On Our Plate: Best Brunches in the U.S.; Mother’s Day $200 Giveaway; Soft-Shell Crabs; Arizona Restaurant Week; S. Pellegrino World’s 50 Best Restaurants

Best way to start a meal? A cold martini -- and the truffled popcorn from the Bar Room at the Modern doesn't hurt either.

Happenings on and around OpenTable…

* We’re celebrating the release of our 2012 Diners’ Choice Awards for Top 100 Restaurants for Brunch in the U.S. Find out if your fave place to celebrate the weekend made our list!

* Enter our Mother’s Day ‘Feed the Mom Who Fed You’ Giveaway! Score one of five $200 gift certificates, plus we’re donating $100 to Share Our Strength’s No Kid Hungry campaign in your favorite mom’s name for each winning entry.

* This week’s restaurant review trendSoft-shell crabs!

* What’s your drink when dining out? Vote in this week’s poll!

* Did you know you can book many of the 2012 Conde Nast Hot Tables right on OpenTable? It’s true!

* Congratulations to the honorees on the 2012 San Pellegrino World’s 50 Best Restaurants. Reserve your tables now!

* Did you send the Tweet of the WeekFind out.

* Restaurant Week in Arizona is coming soon. Don’t miss your chance to dine out for less!

And, we’re still hiring! We’re staffing up and looking for talented people to join our team. Check out openings in customer supportengineeringfield operationsfinanceIT and technical servicesmarketingoperations, and sales.

Bad Service at a Restaurant: What Would You Do?

bad-serviceThis past weekend, I dined out a restaurant (one not on the OpenTable network, and, on behalf of my fellow diners, I am glad for that) and experienced really poor service. I’ve waited tables at many restaurants. Because of that, I am always apt to cut servers a lot of slack. It is a difficult job and, as a waiter, you cannot control every element of the dining experience, even though you are the face of the dining experience. That said, I usually don’t complain about service unless it is abominable. And this was.

After botching every possible aspect of our meal, I voiced my opinion to the server. The manager, with whom I’m friendly, came over and offered up various amends: different dishes, comped entrees, or free drinks and dessert. I told him I wasn’t interested in any of that as we had to leave, and the point wasn’t that I was looking for money off my bill. It occurred to me, though, that I didn’t know what I wanted. Probably an apology from the waiter. Ideally, a do-over on the whole meal, which came at the end of a very stressful day. Looking back, I think I should have asked the manager for a different server as soon as things got off course.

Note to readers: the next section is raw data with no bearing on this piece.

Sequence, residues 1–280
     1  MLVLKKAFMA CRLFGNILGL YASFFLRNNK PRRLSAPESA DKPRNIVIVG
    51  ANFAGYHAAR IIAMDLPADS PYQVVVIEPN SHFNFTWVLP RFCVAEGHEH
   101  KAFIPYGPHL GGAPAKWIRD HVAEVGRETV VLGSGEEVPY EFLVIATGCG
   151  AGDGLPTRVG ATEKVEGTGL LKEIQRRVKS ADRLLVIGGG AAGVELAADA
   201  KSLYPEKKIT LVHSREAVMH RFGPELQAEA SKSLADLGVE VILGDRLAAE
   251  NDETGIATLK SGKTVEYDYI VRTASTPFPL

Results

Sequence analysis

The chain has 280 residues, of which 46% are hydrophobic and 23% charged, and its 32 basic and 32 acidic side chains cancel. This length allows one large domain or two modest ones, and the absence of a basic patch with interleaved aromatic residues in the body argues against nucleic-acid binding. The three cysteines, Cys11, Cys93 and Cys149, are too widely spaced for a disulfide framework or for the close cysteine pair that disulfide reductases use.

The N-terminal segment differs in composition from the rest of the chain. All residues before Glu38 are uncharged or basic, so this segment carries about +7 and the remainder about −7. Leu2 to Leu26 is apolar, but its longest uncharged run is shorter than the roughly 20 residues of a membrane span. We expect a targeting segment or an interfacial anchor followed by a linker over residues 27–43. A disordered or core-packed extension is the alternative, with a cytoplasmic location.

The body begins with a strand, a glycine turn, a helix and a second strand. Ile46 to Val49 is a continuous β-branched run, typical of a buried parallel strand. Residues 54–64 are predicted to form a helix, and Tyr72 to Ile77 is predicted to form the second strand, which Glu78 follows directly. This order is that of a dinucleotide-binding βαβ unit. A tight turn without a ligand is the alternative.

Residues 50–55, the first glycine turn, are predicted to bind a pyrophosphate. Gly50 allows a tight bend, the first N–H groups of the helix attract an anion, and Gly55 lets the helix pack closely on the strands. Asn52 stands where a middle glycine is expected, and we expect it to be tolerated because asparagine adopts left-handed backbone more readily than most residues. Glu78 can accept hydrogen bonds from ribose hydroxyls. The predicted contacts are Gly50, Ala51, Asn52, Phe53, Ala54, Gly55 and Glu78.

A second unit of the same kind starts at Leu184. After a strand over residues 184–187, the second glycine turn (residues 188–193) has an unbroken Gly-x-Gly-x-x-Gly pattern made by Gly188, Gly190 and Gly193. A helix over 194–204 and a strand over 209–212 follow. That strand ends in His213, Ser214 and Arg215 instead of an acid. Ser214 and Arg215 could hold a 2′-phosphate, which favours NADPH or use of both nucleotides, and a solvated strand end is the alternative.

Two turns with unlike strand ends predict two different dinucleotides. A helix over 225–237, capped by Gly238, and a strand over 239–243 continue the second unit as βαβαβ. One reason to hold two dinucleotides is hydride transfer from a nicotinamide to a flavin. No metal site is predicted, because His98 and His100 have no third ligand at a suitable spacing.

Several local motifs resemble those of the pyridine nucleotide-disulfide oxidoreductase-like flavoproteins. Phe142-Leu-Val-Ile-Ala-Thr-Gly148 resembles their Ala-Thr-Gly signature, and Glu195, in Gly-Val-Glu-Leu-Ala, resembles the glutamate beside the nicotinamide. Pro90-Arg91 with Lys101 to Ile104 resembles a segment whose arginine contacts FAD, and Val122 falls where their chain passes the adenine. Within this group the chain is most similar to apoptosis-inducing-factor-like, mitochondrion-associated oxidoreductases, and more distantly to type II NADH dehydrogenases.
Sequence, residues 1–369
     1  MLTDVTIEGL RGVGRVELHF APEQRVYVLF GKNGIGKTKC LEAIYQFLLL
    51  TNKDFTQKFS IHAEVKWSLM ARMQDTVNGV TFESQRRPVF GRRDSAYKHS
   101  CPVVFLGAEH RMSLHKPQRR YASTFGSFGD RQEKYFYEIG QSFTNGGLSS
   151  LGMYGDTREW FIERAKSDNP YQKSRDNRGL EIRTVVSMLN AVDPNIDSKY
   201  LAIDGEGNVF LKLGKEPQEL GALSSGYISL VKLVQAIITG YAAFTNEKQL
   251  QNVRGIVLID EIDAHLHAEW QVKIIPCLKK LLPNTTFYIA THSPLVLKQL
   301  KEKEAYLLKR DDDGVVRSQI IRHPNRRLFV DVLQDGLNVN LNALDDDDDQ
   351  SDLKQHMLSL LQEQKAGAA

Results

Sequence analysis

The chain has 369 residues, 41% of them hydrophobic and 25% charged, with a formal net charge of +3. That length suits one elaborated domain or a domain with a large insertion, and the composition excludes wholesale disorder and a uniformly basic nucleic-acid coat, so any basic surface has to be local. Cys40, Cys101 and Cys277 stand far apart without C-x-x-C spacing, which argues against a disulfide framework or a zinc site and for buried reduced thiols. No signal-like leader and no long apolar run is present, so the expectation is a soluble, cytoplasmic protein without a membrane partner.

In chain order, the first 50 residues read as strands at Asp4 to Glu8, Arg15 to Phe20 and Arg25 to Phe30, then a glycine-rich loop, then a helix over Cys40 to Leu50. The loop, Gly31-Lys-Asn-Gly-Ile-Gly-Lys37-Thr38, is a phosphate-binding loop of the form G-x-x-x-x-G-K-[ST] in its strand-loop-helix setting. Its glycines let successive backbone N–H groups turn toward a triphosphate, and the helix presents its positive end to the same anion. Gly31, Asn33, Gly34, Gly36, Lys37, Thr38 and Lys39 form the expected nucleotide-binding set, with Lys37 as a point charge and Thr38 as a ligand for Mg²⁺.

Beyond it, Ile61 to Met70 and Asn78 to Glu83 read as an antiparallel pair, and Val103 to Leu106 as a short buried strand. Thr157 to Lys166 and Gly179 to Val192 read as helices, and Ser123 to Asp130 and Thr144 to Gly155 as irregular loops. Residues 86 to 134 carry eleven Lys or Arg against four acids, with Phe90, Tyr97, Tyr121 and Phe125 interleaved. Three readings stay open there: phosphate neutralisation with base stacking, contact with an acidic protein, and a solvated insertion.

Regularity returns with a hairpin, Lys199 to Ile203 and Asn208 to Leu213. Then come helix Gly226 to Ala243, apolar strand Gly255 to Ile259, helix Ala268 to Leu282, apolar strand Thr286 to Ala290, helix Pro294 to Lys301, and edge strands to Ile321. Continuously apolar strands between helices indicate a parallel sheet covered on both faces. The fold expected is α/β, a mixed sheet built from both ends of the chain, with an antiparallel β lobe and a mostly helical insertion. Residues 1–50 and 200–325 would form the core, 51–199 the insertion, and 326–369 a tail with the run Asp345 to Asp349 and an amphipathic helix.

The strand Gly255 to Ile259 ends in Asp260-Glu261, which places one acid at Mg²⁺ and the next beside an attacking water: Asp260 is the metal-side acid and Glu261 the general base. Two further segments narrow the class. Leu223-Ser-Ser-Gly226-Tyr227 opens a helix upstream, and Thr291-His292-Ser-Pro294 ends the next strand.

I’m reminded of a silly (and — WARNING! — often off-color) film starring Ryan Reynolds (aka Mr. ScarJo) called Waiting, about servers toiling away at an awful chain restaurant. In one scene, a patron wants to send her food back, and the poor server points out, “Ma’am, I don’t doubt the steak was overcooked, but did you have to eat it all before you complained about it?” Diners can behave badly, too, and negatively impact their own dining experience. However, great service has the transformative power of making a mediocre meal fantastic. Terrible service can overpower any food, no matter how carefully prepared and delicious it may be.

How important is quality service to you when you’re dining out? What do you do when the service is less than stellar? What should I have asked for from the manager after my experience? Weigh in here or over on Facebook.

And, speaking of service, stay tuned tomorrow as we roll out our Diners’ Choice Awards for Best Service provided by restaurants in America. Find out if your favorite restaurant makes the cut!

Fondue or Fon-don’t: Does Melted Cheese Melt Hearts?

Fondue-or-FondontWe recently announced the winners of the OpenTable Diners’ Choice award for the Top 50 Most Romantic Restaurants. Of the 50, a whopping 12 were Melting Pot restaurants, where fondue anchors the menus. Two other winners, La Fondue and Simply Fondue, are also, as you might have guessed by their names, fondue-friendly eateries. The Chicago Tribune‘s food blog, The Stew, picked up on our list’s fromage factor and ran with it, while the clever folks over at Eater didn’t want to give a shout out to these restaurants when they generously covered our list, saying, “[F]ondue hasn’t been considered romantic since Three’s Company went off the air.” The fact remains, however, that many diners find fondue to be the perfect mood food for a romantic evening.